Ajātivāda

From Hindupedia, the Hindu Encyclopedia
(Redirected from Ajativada)

By Swami Harshananda

Sometimes transliterated as: Ajativada, AjAtivAda, Ajaativaada


Ajātivāda literally means ‘doctrine of non-origination’.

Creation of the world is one of the fundamental problems invariably discussed in the philosophical systems. In whichever way a system posits the basic reality, as one or many, from which the world has evolved, logical and ontological difficulties can never be avoided. Gauḍapāda, the guru of Śankara’s preceptor, and the famous author of the Kārikās on the Māndukya Upanisad has successfully tackled this problem by denying the problem itself!

Gauḍapāda, one of the earliest writers on Advaita Vedānta, takes the view that Brāhman or Ātman alone is the only reality that exists and hence neither the world nor the jīva (individual self) ever comes into being. Since Brāhman has no birth (jāti = birth or origination) nor modification, his doctrine is termed ajātivāda.[1] Brāhman alone is real. Anyone who sees the world of duality as existing and tries to discover its origination from Brāhman is trying to ‘see the footprints of the birds in the sky’. [2]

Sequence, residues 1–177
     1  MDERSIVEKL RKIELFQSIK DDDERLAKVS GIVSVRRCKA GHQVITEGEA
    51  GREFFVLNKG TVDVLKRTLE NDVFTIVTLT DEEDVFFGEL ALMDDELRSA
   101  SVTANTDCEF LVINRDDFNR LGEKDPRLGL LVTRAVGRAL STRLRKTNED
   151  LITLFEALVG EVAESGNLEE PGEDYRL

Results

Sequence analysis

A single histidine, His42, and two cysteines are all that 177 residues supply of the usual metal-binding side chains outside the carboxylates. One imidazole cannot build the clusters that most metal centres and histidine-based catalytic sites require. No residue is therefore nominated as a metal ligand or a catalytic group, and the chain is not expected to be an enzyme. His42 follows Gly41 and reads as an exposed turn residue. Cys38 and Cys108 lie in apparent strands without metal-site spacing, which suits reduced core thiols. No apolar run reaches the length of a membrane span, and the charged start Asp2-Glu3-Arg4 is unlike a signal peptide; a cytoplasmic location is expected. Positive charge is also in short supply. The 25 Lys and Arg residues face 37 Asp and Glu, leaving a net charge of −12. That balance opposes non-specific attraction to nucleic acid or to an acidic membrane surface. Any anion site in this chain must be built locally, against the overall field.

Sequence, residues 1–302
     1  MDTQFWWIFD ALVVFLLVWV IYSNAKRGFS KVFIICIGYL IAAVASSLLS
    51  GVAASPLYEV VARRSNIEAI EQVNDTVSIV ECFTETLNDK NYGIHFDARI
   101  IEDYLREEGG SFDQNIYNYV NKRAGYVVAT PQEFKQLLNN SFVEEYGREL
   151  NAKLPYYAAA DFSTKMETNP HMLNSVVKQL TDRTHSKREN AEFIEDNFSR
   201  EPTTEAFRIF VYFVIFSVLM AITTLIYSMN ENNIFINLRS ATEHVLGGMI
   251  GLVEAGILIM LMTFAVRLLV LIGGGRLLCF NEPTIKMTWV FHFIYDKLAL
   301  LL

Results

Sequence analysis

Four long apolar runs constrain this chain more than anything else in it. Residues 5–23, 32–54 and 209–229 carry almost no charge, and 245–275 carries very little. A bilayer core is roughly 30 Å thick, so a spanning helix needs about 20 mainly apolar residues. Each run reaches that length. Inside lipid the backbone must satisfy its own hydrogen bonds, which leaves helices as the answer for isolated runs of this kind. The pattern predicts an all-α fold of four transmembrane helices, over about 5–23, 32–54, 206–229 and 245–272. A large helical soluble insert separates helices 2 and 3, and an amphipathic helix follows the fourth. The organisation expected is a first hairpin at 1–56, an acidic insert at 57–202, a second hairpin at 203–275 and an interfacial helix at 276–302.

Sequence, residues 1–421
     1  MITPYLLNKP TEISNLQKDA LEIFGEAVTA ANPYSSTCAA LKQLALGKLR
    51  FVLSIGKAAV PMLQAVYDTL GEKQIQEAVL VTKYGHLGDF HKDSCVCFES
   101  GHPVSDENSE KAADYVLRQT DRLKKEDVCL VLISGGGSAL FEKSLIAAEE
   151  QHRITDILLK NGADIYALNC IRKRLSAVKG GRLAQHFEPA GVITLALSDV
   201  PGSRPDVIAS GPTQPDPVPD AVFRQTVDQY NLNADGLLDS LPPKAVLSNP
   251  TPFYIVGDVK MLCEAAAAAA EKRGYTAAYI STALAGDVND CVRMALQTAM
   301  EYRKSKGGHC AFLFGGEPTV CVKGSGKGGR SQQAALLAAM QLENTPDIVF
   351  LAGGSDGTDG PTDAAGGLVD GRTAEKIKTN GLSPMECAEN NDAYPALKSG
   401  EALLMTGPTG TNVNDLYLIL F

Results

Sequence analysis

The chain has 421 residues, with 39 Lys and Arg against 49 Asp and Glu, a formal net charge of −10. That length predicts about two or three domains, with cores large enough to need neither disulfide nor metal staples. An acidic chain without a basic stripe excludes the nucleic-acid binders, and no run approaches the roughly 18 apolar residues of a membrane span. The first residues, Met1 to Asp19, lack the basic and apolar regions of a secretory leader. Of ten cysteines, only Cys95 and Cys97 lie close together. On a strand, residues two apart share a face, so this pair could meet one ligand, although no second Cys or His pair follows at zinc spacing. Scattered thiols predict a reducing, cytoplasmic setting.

Gauḍapāda establishes his ajātivāda on the bases of the arguments on the śrutis as well as logic and reasoning. He admits that the Upaniṣads have described creation but avers that they have never declared it to be real. The main purport of such statements is to emphasize the non-dual Reality behind this apparent diversity.

After successfully countering the arguments of all other schools and establishing his ajātivāda, Gauḍapāda goes to the extent of denying even ajāti! Since the very concept of an external world which includes the revealed scriptures, is an illusion, even the theory of ajāti established on the basis of such scriptures and logic, is an illusion! From the highest standpoint, the Atman is not aja (unborn) also. He is beyond all relative descriptions and hence defies all such attempts.


References

  1. Kārikās 4.71
  2. Kārikās 4.28
  • The Concise Encyclopedia of Hinduism, Swami Harshananda, Ram Krishna Math, Bangalore